The US Food and Drug Administration (FDA) recently cleared the OVA1 Test, the first blood test that, prior to surgery, can help physicians determine if a woman is at risk for a malignant pelvic mass. OVA1 is the first FDA-cleared laboratory test that can indicate the likelihood of ovarian cancer with high sensitivity prior to biopsy or exploratory surgery, even if radiologic test results fail to indicate malignancy. The test was developed by Vermillion, Inc, a molecular diagnostics company, in cooperation with Quest Diagnostics.
“When combined with other clinical information, the OVA1 biomarker panel can help assess the likelihood of malignancy of an ovarian tumor before surgery and facilitate decisions about referral to a gynecologic oncologist,” said Frederick R. Ueland, MD, principal investigator of the prospective, multicenter OVA1 clinical trial and associate professor of gynecologic oncology at the University of Kentucky’s Markey Cancer Center.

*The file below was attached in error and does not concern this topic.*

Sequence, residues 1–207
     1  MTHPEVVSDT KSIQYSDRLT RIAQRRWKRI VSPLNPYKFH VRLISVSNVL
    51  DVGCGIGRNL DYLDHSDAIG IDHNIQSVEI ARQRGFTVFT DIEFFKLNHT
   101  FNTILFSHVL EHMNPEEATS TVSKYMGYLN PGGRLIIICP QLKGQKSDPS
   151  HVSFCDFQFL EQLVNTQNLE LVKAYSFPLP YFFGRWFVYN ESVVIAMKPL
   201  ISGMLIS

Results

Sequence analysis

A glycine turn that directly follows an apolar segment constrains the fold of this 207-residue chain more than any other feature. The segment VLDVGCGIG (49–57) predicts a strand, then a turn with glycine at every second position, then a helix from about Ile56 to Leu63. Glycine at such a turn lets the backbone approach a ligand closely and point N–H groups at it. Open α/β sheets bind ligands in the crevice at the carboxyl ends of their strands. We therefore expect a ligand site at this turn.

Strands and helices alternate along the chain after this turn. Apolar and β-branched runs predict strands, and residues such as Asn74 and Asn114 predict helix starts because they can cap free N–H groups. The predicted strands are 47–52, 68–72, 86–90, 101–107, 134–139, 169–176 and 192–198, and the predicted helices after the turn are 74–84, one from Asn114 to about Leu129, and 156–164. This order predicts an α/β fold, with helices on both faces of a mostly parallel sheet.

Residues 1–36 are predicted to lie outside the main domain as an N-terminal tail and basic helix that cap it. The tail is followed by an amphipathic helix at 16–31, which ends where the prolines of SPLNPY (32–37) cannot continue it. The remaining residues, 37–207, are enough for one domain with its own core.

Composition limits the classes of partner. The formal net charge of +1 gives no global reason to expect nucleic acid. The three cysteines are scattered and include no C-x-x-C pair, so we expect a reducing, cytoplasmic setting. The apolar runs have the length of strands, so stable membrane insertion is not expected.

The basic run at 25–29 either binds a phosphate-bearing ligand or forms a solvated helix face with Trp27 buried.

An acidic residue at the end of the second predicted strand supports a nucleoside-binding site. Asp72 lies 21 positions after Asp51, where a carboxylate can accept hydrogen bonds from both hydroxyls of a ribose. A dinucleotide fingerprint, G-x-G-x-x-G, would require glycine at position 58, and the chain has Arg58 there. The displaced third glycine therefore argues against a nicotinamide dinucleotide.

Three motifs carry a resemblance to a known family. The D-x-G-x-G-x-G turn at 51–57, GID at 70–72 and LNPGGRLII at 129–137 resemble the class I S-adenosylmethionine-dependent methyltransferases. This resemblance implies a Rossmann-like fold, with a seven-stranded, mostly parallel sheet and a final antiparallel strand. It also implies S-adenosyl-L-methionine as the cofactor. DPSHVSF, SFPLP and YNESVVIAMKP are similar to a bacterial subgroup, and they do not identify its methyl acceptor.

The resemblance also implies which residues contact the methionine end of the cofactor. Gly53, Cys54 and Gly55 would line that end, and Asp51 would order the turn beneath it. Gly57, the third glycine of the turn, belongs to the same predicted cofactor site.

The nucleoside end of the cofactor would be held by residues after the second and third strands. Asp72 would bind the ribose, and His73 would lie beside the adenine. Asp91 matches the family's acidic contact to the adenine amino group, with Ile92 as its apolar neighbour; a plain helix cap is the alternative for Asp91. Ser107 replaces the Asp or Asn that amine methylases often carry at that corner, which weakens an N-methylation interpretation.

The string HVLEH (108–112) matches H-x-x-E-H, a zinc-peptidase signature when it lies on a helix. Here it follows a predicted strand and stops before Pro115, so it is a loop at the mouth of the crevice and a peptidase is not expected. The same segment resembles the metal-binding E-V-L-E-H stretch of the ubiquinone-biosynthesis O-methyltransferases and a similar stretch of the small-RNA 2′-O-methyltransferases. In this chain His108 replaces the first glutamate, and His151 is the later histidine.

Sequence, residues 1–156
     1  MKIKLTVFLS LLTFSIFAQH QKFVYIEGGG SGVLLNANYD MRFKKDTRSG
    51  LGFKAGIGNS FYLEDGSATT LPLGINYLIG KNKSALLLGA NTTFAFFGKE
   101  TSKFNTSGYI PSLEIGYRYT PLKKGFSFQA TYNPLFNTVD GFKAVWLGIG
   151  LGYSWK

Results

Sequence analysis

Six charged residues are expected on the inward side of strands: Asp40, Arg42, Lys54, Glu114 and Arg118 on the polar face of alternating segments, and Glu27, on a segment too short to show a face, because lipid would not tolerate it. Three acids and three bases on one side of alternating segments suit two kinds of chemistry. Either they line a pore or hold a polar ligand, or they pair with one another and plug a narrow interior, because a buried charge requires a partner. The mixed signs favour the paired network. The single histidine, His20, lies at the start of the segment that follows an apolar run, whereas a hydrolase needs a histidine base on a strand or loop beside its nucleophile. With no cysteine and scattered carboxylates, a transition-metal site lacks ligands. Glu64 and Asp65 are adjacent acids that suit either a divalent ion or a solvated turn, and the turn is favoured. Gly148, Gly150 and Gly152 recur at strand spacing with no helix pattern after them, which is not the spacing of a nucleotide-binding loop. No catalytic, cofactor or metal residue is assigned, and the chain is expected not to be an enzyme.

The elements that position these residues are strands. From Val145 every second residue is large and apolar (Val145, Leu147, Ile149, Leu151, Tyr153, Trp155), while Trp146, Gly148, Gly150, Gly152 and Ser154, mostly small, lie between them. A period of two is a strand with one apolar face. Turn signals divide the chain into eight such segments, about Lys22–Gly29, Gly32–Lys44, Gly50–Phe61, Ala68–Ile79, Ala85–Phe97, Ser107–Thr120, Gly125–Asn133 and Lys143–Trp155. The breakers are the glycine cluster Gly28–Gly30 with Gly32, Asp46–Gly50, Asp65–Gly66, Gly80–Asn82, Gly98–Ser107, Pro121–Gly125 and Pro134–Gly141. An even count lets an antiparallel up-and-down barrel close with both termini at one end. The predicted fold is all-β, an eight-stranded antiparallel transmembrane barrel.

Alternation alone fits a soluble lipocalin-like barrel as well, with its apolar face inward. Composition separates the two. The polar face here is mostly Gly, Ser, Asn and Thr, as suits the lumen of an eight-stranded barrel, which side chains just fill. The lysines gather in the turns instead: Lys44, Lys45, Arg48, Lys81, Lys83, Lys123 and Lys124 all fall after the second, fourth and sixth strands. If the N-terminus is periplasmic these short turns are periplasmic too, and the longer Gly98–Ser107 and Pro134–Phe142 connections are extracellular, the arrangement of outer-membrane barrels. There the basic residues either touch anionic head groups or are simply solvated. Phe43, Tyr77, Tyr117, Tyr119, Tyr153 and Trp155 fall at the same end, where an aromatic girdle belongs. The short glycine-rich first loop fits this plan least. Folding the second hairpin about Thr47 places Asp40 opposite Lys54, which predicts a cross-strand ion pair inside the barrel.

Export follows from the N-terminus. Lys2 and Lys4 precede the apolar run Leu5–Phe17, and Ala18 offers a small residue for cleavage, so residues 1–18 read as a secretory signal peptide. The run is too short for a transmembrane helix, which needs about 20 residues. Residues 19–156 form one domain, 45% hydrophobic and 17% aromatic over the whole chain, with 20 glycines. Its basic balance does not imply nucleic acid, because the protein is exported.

The OVA1 Test is an in vitro diagnostic multivariate index test that combines the results of five immunoassays using a proprietary unique algorithm to produce a single numerical score indicating a women’s likelihood of malignancy. The OVA1 Test provides a new option in the preoperative evaluation to help physicians assess if a pelvic mass is benign or malignant in order to help determine whether to refer a woman to a gynecologic oncologist for surgery.
Numerous clinical practice guidelines recommend that women with ovarian cancer be under the care of a gynecologic oncologist. However, only an estimated one-third of women who undergo surgery for possible ovarian cancer are referred to these specialist surgeons for their surgery.
The OVA1 Test will be available for physician use in the fourth quarter of this year.